AppleInsider is supported by its audience and can earn commission as an Amazon Associate and Affiliate Partner on eligible purchases. These affiliate partnerships do not influence our editorial content.
Instagram will soon begin testing a new format for photos, allowing users to post 9:16 images to the mainstream to match the full-screen videos the app continues to push.
The Meta-owned app has gradually moved towards greater use of video, at the expense of leaving photography behind. However, it will soon make efforts to allow photography to live alongside videos on the service on a similar basis.
Revealed during a weekly Ask Me Anything session, The Edge reports Instagram CEO Adam Mosseri said the app will test 9:16 a.m. photos “in a week or two.”
“You can have long videos, but you can’t have long photos on Instagram,” Mosseri said. “So we thought we should make sure we treat both equally.”
Previously, photographers destined for the feed were limited to a 4:5 format for shots, a far cry from the full-screen aspect ratio used by videos like Instagram’s Reels. Previously, users could post 9:16 images, but only via Stories, which meant the images would disappear from view unless they were saved as a highlight.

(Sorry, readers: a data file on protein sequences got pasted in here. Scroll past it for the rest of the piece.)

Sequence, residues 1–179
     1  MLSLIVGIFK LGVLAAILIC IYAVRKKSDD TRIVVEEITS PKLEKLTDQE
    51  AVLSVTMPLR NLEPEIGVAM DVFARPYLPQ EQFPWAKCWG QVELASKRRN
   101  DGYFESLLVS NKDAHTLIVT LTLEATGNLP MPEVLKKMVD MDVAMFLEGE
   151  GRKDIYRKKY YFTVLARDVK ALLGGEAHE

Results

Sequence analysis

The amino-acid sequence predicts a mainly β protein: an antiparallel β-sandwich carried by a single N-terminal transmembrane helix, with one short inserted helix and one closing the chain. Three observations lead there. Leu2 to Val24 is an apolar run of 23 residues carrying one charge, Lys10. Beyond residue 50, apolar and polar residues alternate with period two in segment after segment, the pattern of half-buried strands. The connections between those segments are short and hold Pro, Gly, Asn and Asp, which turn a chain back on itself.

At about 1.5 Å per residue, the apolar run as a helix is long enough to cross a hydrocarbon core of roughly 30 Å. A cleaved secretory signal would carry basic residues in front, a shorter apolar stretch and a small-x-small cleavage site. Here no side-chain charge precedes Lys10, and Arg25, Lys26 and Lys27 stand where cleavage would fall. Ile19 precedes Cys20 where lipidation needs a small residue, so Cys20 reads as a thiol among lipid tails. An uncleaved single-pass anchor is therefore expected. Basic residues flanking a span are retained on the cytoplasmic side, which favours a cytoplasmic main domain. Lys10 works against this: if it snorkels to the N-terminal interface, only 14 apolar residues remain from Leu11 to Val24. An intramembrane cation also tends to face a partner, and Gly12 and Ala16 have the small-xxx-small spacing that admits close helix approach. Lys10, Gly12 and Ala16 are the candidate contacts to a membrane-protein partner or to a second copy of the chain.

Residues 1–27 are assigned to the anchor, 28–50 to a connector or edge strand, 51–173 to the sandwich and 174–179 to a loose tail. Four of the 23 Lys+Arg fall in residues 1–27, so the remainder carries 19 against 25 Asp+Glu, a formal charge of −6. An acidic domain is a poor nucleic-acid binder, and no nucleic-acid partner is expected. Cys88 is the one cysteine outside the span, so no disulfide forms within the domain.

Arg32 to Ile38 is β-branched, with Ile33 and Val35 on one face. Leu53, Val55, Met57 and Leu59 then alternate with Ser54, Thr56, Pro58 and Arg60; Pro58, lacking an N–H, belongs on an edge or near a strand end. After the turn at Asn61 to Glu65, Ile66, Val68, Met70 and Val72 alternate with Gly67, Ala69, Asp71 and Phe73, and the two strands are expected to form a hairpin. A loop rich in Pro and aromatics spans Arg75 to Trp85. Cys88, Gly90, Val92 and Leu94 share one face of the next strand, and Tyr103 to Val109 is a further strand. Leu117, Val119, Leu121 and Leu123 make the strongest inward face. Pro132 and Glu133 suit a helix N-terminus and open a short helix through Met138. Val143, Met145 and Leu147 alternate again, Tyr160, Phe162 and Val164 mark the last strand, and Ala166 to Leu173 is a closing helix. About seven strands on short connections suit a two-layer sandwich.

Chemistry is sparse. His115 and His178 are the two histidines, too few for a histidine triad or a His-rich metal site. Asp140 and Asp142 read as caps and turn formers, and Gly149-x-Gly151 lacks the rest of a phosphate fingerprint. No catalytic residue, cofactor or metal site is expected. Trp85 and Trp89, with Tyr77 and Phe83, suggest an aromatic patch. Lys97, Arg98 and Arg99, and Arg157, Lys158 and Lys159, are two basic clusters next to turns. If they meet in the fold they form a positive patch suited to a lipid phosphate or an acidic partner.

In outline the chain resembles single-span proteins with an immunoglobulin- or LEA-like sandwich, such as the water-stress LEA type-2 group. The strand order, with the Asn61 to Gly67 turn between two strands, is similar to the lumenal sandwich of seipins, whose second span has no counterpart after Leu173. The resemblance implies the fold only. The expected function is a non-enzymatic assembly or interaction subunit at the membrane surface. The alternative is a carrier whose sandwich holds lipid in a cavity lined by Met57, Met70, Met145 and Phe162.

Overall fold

Some creative photographers have also created Reel videos that are a few seconds long but only use one frame, giving the appearance of a full-screen image post. However, due to the use of video, there is a loss in quality compared to an actual still image.
The announcement of the photography change could be a change in tactics for an app intent on copying TikTok’s features. After an initial attempt at a full-screen interface that was disliked by photographers for overlaying elements and obscuring parts of the image, the app scaled back the interface.
Part of the backlash was an unexpected complaint from celebrities Kylie Jenner and Kim Kardashian, who urged Mosseri to “make Instagram Instagram again,” and to “stop trying to be TikTok.” The message echoes a meme spread by photographers about the loss of prominence of still images on the service.